Presbyterian ministers gather at U.S. Capitol to speak up on federal budget proposal

Group advocates for stronger social program emphasis

by Henry Stone | Special to Presbyterian News Service

Presbyterian faith leaders, led by OPW Director Jimmie Hawkins take part in a gathering on Capitol Hill urging Congress to invest in education, human needs, peace and human dignity. (Photo by Office of Public Witness)

WASHINGTON, D.C. – “A budget is a values document. AMEN! A budget is a moral document. AMEN! A federal budget is a spiritual document. AMEN!”

So responded clergy members of the Presbyterian Church (U.S.A.) on Tuesday in front of the U.S. Capitol.

The denomination’s Office of Public Witness (OPW) hosted a day of advocacy on September 12, interceding on behalf of a “Faithful Budget” as highly contentious budget negotiations continue on the Hill. OPW live-streamed a press release (archived video here), in which Presbyterian clergy vocally and repeatedly articulated that the federal budget has a moral valence.

OPW Director the Rev. Jimmie Hawkins began by emphasizing the president’s proposed 2018 budget increased military spending by $54 billion while cutting social programs by the same, stating, “the budget is a moral document and reflects our values – and therefore our values are with the poor.”

Although advocating for a major role of government in society, speakers also made clear that they felt called to be “prophetic disturbers” of government when its policies are unjust. The Rev. Dr. Rhashell Hunter argued U.S. federal policy has historically had an unequal impact on Americans divided along financial and racial lines – particularly the GI bill, which she said disproportionately benefitted white Americans and financed 40 percent of the mortgages in 1946 and 1947.

“If Jesus were here, we would want Jesus to have access to healthcare,” she said. “We would want Jesus and those who followed him to be able to eat.”

The Rev. Scott Ramsay added that “our budgets will be held accountable for how they care for the most vulnerable among us.”

Speaking along similar lines, the Rev. Dr. Kathryn Threadgill quoted Jesus, saying, “If you do it to the least of these, your brothers and sisters, you do it to me. A national budget that adheres to the ethics of God’s kingdom – and creates a more perfect union with liberty and justice for all – will seek to join with vital congregations in responding to the needs of our neighbors.”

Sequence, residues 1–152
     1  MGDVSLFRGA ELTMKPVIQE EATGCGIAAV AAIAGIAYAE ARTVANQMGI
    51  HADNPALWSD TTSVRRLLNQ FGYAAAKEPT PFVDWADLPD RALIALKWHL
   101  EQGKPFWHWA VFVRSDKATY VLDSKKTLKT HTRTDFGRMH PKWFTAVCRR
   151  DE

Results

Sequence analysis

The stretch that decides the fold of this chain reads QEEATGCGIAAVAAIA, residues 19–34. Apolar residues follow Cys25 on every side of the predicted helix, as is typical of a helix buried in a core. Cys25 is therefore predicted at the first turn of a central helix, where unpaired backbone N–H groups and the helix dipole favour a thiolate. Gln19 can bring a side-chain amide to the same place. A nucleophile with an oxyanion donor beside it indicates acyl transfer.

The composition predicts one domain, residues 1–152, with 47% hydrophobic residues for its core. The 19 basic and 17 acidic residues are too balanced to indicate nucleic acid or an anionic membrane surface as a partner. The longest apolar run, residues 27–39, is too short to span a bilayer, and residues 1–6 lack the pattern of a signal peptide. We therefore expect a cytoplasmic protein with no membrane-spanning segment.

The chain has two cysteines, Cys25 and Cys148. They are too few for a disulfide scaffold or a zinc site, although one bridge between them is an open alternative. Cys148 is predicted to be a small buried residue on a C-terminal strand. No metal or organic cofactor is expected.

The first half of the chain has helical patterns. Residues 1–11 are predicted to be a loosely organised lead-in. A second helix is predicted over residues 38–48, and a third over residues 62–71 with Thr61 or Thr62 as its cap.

“A federal budget reveals our relationship to God…[People of faith] evaluate the Federal Budget on the basis of its human consequences…on what it does to and with and for people, [especially those] who have been pushed to the margins and made vulnerable by institutional racism, and white supremacy, and climate change, and corruption,” said the Rev. Mark Koenig, coordinator for racial and intercultural justice with the Presbyterian Mission Agency.

The Rev. Kevin Powell declared, “The proposed 2018 budget has been described as cruel indifference to low-income seniors, people with disabilities, families with children, veterans and other vulnerable people.” Powell criticized adding work requirements and time limits on non-housing federal assistance, citing research that suggests “such restrictions push families deeper into poverty.”

Doug Grace, from the Presbyterian Network to End Homelessness, described government, corporate and church cooperation in building social safety nets and disaster relief, as a “three-pronged stool” that requires shared participation. He disputed the idea that churches can and should “take over” these roles of government, saying, “We’re doing [our part]. And we need that partnership.”

Following the news conference, many of the faith leaders met with congressional and senate staff.

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Henry Stone is editor of Unbound: An Interactive Journal of Christian Social Justice.


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